Ruth Gachanja | Middlesex University London
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Ruth Gachanja

Ruth GachanjaAdvocate of the High Court of Kenya

LLM Minorities, Rights & the Law, 2012

What were you doing before joining Middlesex?

I am an advocate of the High Court of Kenya, so I was representing child victims of abuse in court as well as conducting child rights training to law enforcement agents.

What made you decide to study at Middlesex?

My father is a Middlesex alumni, and I also met the former Vice-Chancellor, Prof Michael Driscoll, on his visit to Kenya and we had an interesting discussion on human rights and he assured me that I would enjoy my time at Middlesex University.

What skills or knowledge did you gain while at Middlesex?

I gained a lot of knowledge on the area of minorities rights, and though my bias was towards child rights, I gained knowledge about other minorities as well.

Because the course was research intensive, I gained proper research and presentation skills.

What did you enjoy most about the course?

The Course was taught by fantastic lecturers. Dr. Jeremy Gilbert, Dr. David Keane and Prof. Joshua Castellino, to name just a few, were knowledgeable and passionate about their subjects. This made the class discussion very interactive and interesting. I also enjoyed the selection of courses that the students is given to select from.

What is your fondest memory of life at Middlesex?

My fondest memories of life at Middlesex comprise of having discussions with our lecturers about various aspects of human rights, like the correlation between human rights and international criminal law. I will also never forget, Prof. Castellino’s knowledge on constitutional law. He came to class and described the constitutional making processes of all the countries represented in class. That was something!

How has doing this course changed your life and/or career?

This course changed my career because of the diverse exposure it gave me. I am now equipped to work in a variety of sectors, either policy formulation or direct service provision.

The skills I gained in research, writing and presentation have certainly played an important role in my career progress so far. I am now often invited to advise and present on formulation of policies towards age minorities.

What made you choose human rights work and what are the benefits and challenges?

I have always been passionate about child rights and so I knew I would take a path that would lead me to being a voice for children today, because I believe that all too often children are seen and not heard. I do also enjoy that human rights work is dynamic and therefore keeps me on my toes.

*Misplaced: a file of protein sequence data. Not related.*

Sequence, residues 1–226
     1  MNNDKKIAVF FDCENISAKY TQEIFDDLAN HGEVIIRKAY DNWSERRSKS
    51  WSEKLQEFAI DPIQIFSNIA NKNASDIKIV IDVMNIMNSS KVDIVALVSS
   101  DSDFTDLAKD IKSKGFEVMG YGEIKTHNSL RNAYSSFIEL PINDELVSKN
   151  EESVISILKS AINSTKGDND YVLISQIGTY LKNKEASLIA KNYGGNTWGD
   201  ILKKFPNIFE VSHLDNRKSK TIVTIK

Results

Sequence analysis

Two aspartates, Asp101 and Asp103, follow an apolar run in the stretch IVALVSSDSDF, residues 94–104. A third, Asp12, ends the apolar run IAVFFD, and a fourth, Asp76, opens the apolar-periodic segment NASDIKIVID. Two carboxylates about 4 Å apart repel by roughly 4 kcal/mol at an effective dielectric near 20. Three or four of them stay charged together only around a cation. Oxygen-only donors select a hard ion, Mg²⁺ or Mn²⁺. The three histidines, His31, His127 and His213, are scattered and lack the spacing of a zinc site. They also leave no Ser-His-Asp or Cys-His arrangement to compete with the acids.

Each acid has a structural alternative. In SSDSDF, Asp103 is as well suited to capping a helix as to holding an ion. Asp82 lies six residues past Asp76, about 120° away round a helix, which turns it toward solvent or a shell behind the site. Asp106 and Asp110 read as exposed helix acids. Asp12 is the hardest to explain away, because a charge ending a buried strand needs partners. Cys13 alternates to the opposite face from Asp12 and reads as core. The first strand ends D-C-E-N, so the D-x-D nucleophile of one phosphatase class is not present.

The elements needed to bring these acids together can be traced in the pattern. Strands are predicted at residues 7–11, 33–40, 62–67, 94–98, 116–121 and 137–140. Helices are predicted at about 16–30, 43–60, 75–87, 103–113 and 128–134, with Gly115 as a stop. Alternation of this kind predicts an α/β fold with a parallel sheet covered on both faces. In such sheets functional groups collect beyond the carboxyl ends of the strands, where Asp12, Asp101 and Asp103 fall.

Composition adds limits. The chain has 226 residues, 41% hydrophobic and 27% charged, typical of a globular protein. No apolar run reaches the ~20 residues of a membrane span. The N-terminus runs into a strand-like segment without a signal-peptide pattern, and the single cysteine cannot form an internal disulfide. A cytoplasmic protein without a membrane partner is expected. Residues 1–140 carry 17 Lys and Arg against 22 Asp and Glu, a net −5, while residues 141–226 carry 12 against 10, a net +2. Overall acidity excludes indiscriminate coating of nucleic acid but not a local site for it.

The benefits of doing human rights work, especially advocacy and lobbying, is that you see the change and feel the change. It changes the lives of human beings and in one way or another makes the world a better place.

The challenge is that it can be heart-wrenching, especially when working with the children, to hear stories of abuse and violence. It also takes time. It takes time to change legislation, to go to court and also to effect change in behavior and attitudes.

How did you break into this line of work?

As I said, I knew this is what I wanted to do from a very early age so, all my internships were focused on Human Rights and with a biased on Child rights. I have ensured that my career revolved around child rights.

What are your biggest achievements since leaving?

  • Chairing the Advisory Committee on Counter trafficking in Persons
  • Leading Child Rights NGOS on writing a paper on the situation of children and presenting the same during the Universal Periodic Reporting  process in Geneva.
  • Heading a top Child Rights organization knows as The CRADLE-The Children Foundation

What does the future hold for you?

I hope to continue agitating for child rights to the highest office in the spectrum of human rights as well as undertake my PHD.

What are the top career tips you would give to current students and recent graduates?

  1. Start somewhere: Internships or volunteer programs. Sometimes we spend too much waiting idle for the big break, instead we could put our knowledge into use and develop different skills, even if it doesn’t pay very well.
  2. Whatever you are given to do, go the extra mile. Stand out from everyone else.
  3. Persistence. Knock until that door is open.
  4. Get a friend/mentor to help you through this journey.

If you could choose three reasons to recommend Middlesex to a friend, what would they be and why?

  1. The fact that they have a “meet and greet” at the airport. So, if it is your first time in the UK, you don’t feel lost or alone.
  2. The Sheppard’s library. Well-equipped and has a great ambiance.
  3. The Lecturers are super friendly and helpful. They go out of their way to help with research materials and even help to find internships.

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